The Best Brand Social Communication

SocialDisarray

Far too many brands fail by using social as arms of their PR team – where they announce and tell rather than join in a conversation. The reality is that probably less than 10% are doing their brand communication on social effectively. MediaPost’s post on Sprout Social’s recent study of brand response to their audience (or consumers) through social shows a dismal upward trend of not responding to social queries. More audiences are expecting more customer service capabilities via social, yet brands continue to send many more posts than replies. In the case of media and entertainment, they send 8.5X more posts than replies and, in the real estate vertical, nearly 12X. Some of the brands that better understand not only the power in responding, but the need to, are those in travel/hospitality and some in everyday-use package goods. Virgin Atlantic is one company that set the tone early in the use of social media in how they handled travel disruptions caused by volcano ash that hampered travel throughout Europe in 2010. Where other airlines completely let their customers down, Virgin Atlantic served their customers well through constant communication and grew loyalty in the process. The thing is, your brand should determine how involved you are in social communication with your audience – not the vertical.

Of equal importance is that responding to your audience via social is only part of the equation in good brand social communication. That often overlooked component is the brand voice. As with the other pieces of brand experience that are moving to the forefront of Audience Development is the consistent portrayal of your brand’s voice. Especially when maneuvering the social realm, consistency is even more important as it will usually be the most “human” relationship the audience has with the brand. The voice needs to factor the following at minimum:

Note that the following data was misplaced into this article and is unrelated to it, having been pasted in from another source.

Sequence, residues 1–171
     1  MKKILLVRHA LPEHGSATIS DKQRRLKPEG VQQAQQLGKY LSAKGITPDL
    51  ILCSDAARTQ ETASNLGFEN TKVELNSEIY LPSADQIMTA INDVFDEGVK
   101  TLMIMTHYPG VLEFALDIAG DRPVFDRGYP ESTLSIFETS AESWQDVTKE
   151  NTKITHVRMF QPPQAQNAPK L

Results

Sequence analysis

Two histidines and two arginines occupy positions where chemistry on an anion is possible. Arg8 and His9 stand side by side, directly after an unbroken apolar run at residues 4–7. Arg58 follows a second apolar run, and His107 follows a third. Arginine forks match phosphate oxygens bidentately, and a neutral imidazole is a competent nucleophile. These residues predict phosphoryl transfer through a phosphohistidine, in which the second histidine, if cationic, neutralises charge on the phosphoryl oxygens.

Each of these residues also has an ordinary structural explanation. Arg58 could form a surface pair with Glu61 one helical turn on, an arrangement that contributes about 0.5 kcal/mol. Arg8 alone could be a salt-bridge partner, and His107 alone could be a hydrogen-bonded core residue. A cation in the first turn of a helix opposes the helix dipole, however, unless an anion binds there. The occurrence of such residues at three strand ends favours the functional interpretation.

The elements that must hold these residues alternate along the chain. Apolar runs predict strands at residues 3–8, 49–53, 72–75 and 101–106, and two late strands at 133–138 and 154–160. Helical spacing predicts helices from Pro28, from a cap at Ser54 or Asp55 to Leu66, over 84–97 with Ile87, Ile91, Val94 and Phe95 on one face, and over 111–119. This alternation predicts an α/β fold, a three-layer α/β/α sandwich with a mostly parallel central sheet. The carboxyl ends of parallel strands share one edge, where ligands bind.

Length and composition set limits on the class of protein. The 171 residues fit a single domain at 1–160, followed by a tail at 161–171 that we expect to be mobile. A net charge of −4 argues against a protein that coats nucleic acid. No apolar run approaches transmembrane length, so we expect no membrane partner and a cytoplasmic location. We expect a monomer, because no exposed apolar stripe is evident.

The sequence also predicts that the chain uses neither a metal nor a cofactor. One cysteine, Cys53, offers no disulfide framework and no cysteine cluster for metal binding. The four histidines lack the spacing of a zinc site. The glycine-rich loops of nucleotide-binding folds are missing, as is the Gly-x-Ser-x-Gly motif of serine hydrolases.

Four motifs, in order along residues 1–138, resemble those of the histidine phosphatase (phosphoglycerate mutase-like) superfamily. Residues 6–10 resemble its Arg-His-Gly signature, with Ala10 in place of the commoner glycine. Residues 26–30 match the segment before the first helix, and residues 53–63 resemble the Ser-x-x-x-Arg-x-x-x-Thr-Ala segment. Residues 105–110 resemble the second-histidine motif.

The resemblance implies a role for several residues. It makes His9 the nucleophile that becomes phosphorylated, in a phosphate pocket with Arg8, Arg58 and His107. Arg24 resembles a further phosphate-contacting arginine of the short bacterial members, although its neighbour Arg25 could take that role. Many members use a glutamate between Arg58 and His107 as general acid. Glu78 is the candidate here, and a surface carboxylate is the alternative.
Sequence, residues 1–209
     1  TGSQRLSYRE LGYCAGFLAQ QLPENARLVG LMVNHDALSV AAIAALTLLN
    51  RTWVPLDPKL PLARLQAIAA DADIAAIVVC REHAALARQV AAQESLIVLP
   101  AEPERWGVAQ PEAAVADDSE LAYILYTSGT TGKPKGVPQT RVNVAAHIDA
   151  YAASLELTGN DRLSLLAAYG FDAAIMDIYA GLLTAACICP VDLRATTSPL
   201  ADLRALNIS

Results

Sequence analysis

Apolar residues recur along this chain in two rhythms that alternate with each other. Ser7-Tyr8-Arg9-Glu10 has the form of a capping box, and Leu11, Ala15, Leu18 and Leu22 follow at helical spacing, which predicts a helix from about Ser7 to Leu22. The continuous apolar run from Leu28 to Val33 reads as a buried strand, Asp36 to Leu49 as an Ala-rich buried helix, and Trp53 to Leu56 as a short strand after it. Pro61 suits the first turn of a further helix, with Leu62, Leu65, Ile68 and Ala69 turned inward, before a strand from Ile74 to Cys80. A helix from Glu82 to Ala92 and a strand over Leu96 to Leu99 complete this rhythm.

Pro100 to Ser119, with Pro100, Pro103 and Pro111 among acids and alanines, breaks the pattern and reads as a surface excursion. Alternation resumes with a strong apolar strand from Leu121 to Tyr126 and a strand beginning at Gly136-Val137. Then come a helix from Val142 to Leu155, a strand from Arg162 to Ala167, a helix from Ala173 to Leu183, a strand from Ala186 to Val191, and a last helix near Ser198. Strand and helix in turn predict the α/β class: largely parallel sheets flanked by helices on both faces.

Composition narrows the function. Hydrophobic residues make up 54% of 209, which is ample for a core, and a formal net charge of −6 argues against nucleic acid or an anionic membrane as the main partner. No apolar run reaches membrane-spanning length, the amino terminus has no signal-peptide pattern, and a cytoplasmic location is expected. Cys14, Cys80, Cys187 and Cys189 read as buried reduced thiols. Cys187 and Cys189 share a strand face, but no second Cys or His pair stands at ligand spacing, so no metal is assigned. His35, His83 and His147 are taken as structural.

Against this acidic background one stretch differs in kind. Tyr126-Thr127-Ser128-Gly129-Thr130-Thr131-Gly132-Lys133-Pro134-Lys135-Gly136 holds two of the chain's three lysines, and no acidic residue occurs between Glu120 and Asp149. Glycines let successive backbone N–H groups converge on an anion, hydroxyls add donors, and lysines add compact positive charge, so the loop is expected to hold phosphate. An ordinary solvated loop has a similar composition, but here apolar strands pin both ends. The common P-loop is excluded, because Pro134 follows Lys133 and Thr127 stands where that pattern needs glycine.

Purpose – Why are you on Social platforms in the first place? What services will you serve via social and what will you not? If, for example, you have no intention of delivering customer service via social, that will greatly affect the voice.

Character – What does your brand “sound like”? As this is the must human interaction, what do you want your audience to take away from the brand socially?

Tone – What is the general vibe of the brand? If this is not consistent with character and your overall brand, your social is DOA.

Language – Determining the kind of words you use and the style of language is completely dependent on who your audience is. If you don’t have that understanding of your audience, you can find yourself actually hindering growth by using the wrong language.

All of these considerations – along with your brand’s consistent dedication to providing the needed resources – can lead to great brand social communication. Being clear and consistent with your social strategy and execution will not only lead to streamlined resources, but also consistent growth.